At age 25, Katie Ledecky, an American swimmer from Bethesda, MD, has already become one of the most decorated professional athletes in history. She has won six Olympic gold medals, 14 world championship individual gold medals, and was recently named the Best Athlete in Women’s Sports and the Best Olympian in Women’s Sports at the 2022 ESPY Awards.
Katie’s also an Oura member. She’s worn an Oura Ring since 2019, when she wanted to start tracking her sleep and learn how to improve what she was doing outside the pool to help her recover. As well as anyone else, Katie knows that what you do during all hours of the day can have an impact on how you train, recover, and perform — and Oura helps her piece it all together.
Q: Congrats on winning two 2022 ESPY Awards: Best Athlete in Women’s Sports, and the Best Olympian in Women’s Sports! What does this double honor mean to you?
A: Thank you! I was honored to be recognized for my performance in Tokyo at my third Olympic Games, and I take pride in my consistent athletic performance since my first Olympic Gold a decade ago in 2012. I enjoyed being able to attend the ESPYS show, and I very much appreciated the opportunity to thank my family, coaches, teammates, sponsors, and friends for their support.
Q: You said in an interview that during the Tokyo Olympics, you spent as much time in a swimsuit as you did in bed! How does Oura help you make sure you’re getting quality sleep during such a busy and stressful time?
A: In Tokyo, I was racing in the morning and evening, traveling to and from the competition venue, and finding time to eat and sleep. Oura frequently reminds me to keep my sleep schedule consistent, so while in Tokyo, I tried to be as consistent as my schedule allowed with my bedtime and wake-up times. I also knew that to maximize my Sleep Score, I needed to take advantage each day of any free moment for a quick nap.
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Q: You’ve had the Oura Ring since 2019 — about 3 years now. How has your use of your Oura Ring and App changed over time?
A: Oura has added several new features — like 24/7 heart rate monitoring — to the Ring and App, so there is more data to review daily than when I first started wearing the Ring. When I started wearing my ring a few years ago, I usually only looked at the data when I woke up in the morning. Now, I tend to look at the data within the app several times throughout the day.
Since I have had the ring for over 3 years, I also look at my Trends a lot more now. I find it helpful I can easily compare data by day, week, month, or year. I have been able to spot trends in how my body responds to hard stretches of training, and I can see how quickly I recover during and after competitions.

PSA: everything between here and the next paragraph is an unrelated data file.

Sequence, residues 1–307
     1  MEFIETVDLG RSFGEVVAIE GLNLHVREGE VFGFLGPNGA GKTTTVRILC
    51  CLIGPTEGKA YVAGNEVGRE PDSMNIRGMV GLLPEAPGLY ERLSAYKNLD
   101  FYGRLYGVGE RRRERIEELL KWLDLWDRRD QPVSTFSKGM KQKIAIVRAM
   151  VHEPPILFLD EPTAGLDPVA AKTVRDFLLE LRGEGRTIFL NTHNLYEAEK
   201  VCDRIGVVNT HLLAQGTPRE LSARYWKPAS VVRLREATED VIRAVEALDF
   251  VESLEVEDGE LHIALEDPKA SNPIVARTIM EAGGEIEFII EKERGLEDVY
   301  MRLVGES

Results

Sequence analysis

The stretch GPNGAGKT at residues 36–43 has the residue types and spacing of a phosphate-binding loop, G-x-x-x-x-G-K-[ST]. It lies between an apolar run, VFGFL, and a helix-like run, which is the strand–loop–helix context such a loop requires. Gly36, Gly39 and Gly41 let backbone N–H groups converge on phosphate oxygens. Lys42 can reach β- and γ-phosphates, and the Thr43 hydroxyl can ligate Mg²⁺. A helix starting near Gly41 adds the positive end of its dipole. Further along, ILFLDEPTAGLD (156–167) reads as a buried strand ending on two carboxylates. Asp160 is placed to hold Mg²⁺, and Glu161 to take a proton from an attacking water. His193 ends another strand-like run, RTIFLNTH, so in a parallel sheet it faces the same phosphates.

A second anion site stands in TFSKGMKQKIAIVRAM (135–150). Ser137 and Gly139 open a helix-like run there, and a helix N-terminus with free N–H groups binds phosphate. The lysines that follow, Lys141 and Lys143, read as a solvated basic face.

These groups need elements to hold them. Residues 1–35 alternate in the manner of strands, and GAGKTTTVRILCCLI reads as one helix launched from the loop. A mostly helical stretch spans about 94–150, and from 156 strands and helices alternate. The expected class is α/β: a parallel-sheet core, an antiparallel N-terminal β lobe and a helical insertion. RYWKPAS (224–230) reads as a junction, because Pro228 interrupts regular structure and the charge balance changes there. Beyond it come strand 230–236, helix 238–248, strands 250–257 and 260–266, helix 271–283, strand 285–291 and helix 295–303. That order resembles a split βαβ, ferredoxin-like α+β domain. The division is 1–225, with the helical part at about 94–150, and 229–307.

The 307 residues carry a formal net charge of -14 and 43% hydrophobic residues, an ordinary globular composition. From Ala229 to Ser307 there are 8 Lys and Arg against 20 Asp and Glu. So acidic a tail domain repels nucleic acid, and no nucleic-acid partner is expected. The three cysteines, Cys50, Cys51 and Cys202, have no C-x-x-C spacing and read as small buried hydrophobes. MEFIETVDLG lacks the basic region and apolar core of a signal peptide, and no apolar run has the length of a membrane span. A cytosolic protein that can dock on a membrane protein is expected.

I’m very fascinated by it all, especially when it comes to my training and my competitions. Just to see how my body is recovering, how I’m handling the stress, and the sleep that I get at competitions is really interesting. It’s also cool to look back and see how I was recovering during the Olympics or the World Championships.
Q: You received a degree in psychology from Stanford. With Simone Biles, Michael Phelps, and other athletes opening up about mental health, how have you seen the conversation among athletes like yourself changing?
A: Physical and mental health are both important and as an athlete, it’s important to go into each day of training and competition feeling well-rested and in the right mental state. I think athletes are sharing more about the challenges they face in sport or in life from a mental perspective as opposed to just talking about physical injuries. I hope all young athletes will take as much care of their mental health as they do their physical health, by making smart decisions and seeking help when needed.
Q: How do you take care of your mental health during training?
A: When I am at the pool or in the gym training, I am very focused on my training but my teammates and coaches create a positive environment where we’re all having fun while still working hard toward our goals. Even when the intensity in training is high, I remind myself to have fun with my team when I’m at workout. Away from the pool and gym, I take care of myself by eating well and getting good sleep and recovery time. Most importantly, I have interests and friends outside of the pool that help me live a balanced life.
Q: What’s your number-one tip for other Oura members?
A: Find your balance. Don’t just be just focused on one thing. Whether that’s swimming, another sport, or one activity, finding a balance between your school or job and your personal life will allow you to succeed.
I’ve learned so much in both school and swimming, but most importantly, I’ve learned a lot through doing both at the same time. Being able to learn time management and being able to learn the skills required to compete at the highest level while going to school — I feel that balance has helped lead to my success.
Must-do morning ritual?
I like to listen to good music on the way to my early morning swim practice.
Nightly ritual for a good night’s sleep?
I make my room dark and cool, and I also like to take a shower just before bedtime.
One bad habit that Oura has helped you cut back on?
I get most of my REM sleep later in my sleep, so the earlier I get to sleep, the more REM sleep I get. So Oura has helped me cut back on going to sleep late!
Mantra you live by?
Take the lead, keep the lead.
Go-to energy booster for a mid-afternoon slump?
A power nap!
First thing you do if you see a low Readiness Score in your Oura App?
I think about how I can plan some extra Restorative Time, or a nap, into my day. I also try to get to bed a little earlier the next night.
Favorite ways to rack up Restorative Time on your Oura App?
Reading, watching a good TV show, or playing the piano.